• The RMS probabilistic terrorism models for the covered area reflect additional mortality that could result from the occurrence of severe nonmilitary acts of violence in U.S. and France.
  • The residual model attempts to quantify potential losses from perils (for example, floods, extreme temperatures, accidents, mass movements, wildfires, and volcanic eruptions). It is a statistical, rather than an event-based, model.

S&P explained that although other factors could cause an increase in mortality risk, as explained already in this article, RMS does not consider them as major contributors to the mortality risk in this deal, and hence not critical for assessing the probability of default.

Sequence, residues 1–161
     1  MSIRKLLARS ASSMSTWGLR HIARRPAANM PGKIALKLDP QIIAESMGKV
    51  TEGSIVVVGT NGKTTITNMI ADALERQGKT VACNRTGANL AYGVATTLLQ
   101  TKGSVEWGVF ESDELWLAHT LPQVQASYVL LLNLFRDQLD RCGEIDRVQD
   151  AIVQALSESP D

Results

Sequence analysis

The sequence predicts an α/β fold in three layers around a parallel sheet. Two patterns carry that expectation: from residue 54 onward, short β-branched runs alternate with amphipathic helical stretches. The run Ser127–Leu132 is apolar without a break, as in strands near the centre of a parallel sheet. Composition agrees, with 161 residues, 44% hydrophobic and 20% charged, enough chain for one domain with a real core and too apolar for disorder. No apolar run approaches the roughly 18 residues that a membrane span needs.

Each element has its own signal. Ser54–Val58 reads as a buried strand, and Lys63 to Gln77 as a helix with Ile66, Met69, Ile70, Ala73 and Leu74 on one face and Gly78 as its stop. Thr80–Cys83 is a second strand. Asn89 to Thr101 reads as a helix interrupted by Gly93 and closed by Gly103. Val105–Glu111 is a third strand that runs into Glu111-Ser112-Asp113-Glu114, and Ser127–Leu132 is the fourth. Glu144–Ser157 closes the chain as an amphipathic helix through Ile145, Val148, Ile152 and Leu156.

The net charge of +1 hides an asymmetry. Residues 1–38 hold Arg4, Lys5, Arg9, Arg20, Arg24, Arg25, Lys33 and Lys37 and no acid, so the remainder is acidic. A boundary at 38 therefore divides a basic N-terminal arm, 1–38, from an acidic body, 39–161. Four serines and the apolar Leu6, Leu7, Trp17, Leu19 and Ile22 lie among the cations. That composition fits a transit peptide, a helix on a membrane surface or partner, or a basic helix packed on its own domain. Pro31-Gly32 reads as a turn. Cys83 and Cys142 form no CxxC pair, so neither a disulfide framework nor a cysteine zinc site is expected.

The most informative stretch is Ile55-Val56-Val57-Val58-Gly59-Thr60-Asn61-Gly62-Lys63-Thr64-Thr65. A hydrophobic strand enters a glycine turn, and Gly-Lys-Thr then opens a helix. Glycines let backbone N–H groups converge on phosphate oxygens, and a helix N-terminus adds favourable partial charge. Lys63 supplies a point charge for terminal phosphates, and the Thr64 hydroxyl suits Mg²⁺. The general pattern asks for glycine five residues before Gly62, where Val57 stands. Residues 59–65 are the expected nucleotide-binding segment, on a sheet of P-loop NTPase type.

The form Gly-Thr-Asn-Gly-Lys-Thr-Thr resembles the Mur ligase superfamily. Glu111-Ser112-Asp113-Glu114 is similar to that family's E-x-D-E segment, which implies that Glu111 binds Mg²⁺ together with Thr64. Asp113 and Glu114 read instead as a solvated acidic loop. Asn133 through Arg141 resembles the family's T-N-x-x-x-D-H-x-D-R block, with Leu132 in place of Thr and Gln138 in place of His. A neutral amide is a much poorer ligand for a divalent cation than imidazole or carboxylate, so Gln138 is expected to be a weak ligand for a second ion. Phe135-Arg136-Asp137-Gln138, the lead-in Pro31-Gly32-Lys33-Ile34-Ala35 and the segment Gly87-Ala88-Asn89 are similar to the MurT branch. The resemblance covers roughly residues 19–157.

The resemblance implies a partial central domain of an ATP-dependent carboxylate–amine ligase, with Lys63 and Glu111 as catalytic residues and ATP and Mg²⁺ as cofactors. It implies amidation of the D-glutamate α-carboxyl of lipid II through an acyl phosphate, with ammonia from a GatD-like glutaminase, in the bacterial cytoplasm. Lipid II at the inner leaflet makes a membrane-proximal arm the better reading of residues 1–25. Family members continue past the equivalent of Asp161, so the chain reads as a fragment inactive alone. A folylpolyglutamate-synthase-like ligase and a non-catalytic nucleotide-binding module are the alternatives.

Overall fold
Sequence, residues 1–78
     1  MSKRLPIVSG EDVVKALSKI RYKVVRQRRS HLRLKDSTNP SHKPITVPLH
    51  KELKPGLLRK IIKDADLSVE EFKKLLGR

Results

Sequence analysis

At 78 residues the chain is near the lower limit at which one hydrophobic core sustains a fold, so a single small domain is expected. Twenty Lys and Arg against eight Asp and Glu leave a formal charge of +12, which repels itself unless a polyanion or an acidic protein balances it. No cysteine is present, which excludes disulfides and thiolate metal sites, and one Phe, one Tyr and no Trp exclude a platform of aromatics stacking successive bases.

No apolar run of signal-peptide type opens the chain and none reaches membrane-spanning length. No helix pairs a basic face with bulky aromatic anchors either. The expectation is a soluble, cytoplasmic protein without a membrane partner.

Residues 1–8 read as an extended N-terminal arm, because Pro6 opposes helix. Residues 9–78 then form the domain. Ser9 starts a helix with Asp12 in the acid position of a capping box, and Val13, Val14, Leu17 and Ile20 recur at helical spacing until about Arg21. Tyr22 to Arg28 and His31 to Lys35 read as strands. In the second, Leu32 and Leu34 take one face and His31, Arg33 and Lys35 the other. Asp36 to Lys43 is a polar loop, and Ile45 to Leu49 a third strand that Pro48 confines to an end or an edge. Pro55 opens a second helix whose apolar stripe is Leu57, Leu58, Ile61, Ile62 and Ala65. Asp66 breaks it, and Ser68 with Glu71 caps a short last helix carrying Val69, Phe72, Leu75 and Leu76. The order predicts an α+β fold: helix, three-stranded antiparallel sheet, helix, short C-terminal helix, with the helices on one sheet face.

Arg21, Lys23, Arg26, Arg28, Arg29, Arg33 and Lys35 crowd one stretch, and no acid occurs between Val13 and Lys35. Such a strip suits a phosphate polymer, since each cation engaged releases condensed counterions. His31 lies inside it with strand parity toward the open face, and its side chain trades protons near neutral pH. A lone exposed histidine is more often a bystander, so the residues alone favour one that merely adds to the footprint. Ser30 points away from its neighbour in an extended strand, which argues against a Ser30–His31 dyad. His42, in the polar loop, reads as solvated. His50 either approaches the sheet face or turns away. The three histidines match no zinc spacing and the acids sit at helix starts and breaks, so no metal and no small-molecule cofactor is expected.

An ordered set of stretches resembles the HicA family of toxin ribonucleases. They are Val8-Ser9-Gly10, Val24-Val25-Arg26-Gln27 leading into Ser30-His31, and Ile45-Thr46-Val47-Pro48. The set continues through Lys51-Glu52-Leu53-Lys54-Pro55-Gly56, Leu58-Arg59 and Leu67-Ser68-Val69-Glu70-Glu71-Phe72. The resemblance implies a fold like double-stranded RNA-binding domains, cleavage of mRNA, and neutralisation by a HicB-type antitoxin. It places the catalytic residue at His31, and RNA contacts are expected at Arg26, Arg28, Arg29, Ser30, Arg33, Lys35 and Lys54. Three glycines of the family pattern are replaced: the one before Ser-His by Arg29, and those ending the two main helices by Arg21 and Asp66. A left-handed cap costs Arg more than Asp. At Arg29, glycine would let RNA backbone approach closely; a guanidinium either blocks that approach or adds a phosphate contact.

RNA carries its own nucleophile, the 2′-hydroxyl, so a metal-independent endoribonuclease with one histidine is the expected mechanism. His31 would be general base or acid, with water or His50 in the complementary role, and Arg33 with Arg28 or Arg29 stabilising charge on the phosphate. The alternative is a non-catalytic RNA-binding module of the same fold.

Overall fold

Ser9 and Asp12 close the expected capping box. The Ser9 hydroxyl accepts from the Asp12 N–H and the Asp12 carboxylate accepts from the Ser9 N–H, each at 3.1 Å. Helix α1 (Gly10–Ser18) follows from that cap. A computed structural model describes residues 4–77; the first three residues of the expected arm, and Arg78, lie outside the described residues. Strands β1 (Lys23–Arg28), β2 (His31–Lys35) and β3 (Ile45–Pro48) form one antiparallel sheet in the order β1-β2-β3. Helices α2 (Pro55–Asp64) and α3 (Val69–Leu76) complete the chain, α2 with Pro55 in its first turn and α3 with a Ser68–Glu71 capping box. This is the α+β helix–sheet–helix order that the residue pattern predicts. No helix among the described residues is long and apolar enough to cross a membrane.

A big proportion of the risk with this deal is tied to the infectious disease modelling, demonstrating where the coverage is really focused for AXA Global Life.

In terms of scenario modelling of known events, RMS found that a recurrence of the 1918 flu pandemic caused by a virus would result in 100% losses on both the class A and B notes. However, if the outbreak was bacterial in nature only a partial loss of about 18% would be reported on the class A notes, although a total loss would occur on the class B notes. S&P notes that the scientific community are divided as to whether the event was caused by a virus or bacteria.

Other historical events such as the peak of AIDS deaths in 1987 and the terrorist attacks of Sept. 11, 2001, would not have triggered a loss under either of the tranches of notes, S&P explained.